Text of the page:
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With a Human Backup, Phantom Auto Can Pilot Autonomous Vehicles Remotely

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【Summary】Silicon Valley-based Phantom Auto is working on a unique solution to address the anxiety of being a occupant in a self-driving car without a human in the driver’s seat — by providing a human backup driver who is able to control the vehicle from miles away using a remote console.

Original Eric Walz    Feb 06, 2018 10:36 AM PT
With a Human Backup, Phantom Auto Can Pilot Autonomous Vehicles Remotely
author: Eric Walz   

MOUNTAIN VIEW, Calif., — At CES in Las Vegas earlier this month, many top automakers and tech companies were in attendance to demonstrate their latest advancements in autonomous driving and the future of mobility. Among them was Silicon Valley-based startup Phantom Auto. During CES, Phantom offered attendees rides in a test vehicle being operated by a person remotely — from hundreds of miles away in California.

Phantom Auto, founded in 2017, is working on a unique solution to address the anxiety of being a occupant in a self-driving car without a human in the driver's seat — by providing a human backup driver who is able to control the vehicle from miles away using a remote console, if needed.

FutureCar visited Phantom Auto's Silicon Valley office and met with Jordan Sanders, who serves as the company's director of business and operations, and Elliot Katz, one of the co-founders of Phantom and head of business, legal, and policy. They offered me a demonstration of the company's technology in a demo car, a Lincoln MKZ on the public streets in Mountain View, California and the technology was impressive.

Inside Phantom's office is a setup that looks like it is made for competitive gaming rather than autonomous cars. There were multiple control stations complete with a driver's seat, steering wheel, pedals, each with a triple monitor setup, which mirrors the road ahead with the view captured by roof mounted cameras on Phantom's test vehicle.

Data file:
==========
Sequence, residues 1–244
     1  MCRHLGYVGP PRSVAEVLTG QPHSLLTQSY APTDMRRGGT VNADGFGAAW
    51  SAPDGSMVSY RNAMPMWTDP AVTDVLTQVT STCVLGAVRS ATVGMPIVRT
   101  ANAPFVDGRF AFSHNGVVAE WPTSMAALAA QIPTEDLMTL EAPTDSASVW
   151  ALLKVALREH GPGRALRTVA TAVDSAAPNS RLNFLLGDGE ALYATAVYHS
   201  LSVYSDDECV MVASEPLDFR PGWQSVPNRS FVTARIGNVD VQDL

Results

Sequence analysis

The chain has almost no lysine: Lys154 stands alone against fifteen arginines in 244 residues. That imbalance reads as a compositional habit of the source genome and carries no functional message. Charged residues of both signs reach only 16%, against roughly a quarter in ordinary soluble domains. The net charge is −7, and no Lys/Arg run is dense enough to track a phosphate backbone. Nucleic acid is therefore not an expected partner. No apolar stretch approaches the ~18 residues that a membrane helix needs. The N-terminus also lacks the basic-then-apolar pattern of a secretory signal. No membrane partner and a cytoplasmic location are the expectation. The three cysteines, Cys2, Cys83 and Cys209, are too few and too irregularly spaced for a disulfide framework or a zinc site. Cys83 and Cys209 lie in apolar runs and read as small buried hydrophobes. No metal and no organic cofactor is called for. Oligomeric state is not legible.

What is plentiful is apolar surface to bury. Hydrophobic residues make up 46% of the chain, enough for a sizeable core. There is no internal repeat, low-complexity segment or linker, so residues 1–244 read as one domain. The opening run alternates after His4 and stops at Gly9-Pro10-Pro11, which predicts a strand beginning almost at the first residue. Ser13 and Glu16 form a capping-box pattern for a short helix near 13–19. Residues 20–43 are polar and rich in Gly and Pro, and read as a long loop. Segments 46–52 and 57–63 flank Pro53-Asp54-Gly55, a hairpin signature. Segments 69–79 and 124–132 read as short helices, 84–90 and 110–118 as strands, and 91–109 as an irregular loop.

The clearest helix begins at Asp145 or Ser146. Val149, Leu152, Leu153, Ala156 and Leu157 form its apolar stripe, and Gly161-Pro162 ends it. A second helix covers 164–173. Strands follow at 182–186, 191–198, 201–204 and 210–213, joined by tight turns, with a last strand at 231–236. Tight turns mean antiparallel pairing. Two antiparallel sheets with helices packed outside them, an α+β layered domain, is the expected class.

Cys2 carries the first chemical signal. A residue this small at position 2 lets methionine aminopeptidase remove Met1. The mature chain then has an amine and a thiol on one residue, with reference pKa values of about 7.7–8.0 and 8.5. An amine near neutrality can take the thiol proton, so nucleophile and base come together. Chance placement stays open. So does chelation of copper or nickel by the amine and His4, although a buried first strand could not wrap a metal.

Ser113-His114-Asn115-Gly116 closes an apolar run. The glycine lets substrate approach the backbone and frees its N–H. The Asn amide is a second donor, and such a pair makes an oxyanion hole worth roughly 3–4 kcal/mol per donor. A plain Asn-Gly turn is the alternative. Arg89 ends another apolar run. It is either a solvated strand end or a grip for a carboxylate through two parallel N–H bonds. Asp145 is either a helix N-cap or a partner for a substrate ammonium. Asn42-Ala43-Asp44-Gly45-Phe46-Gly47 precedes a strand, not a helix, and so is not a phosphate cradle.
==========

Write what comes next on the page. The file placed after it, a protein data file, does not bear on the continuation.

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Vehicle operator stations at Phantom Auto's Silicon Valley office

The test vehicle looks like an ordinary Lincoln MKZ, except for the four cameras mounted on the roof, and the company's logo plastered on the exterior. The camera setup allows a remote operator to see what a human driver would see — in real-time. The three front cameras provide an unobstructed view in front of the vehicle to the remote operator, while another rear facing camera is used to view behind the vehicle.

On the Road

Phantom's remote operator stayed behind at the office, where he was able to safely pilot our test car from the parking lot, onto the street into suburban California traffic. The remote operator can control the vehicle's steering, braking, acceleration, and even activate the turn signals with no apparent latency.

As a front seat passenger, the test ride felt ordinary until glancing over at the steering wheel and watching it move by itself, while the car gently accelerated and braked without input from anyone inside of the vehicle.

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On the display, Phantom's remote operator can be seen controlling the vehicle   

Although Sanders was sitting behind the wheel, he did not need to intervene with the remotely controlled operation during our test ride.

All autonomous testing on the roads in California requires a autonomous vehicle test permit. The law currently states that a human operator must be behind the wheel at all times while on the public streets. However, Phantom does not require the state permit since technically its car is not fully autonomous — so the law does not apply.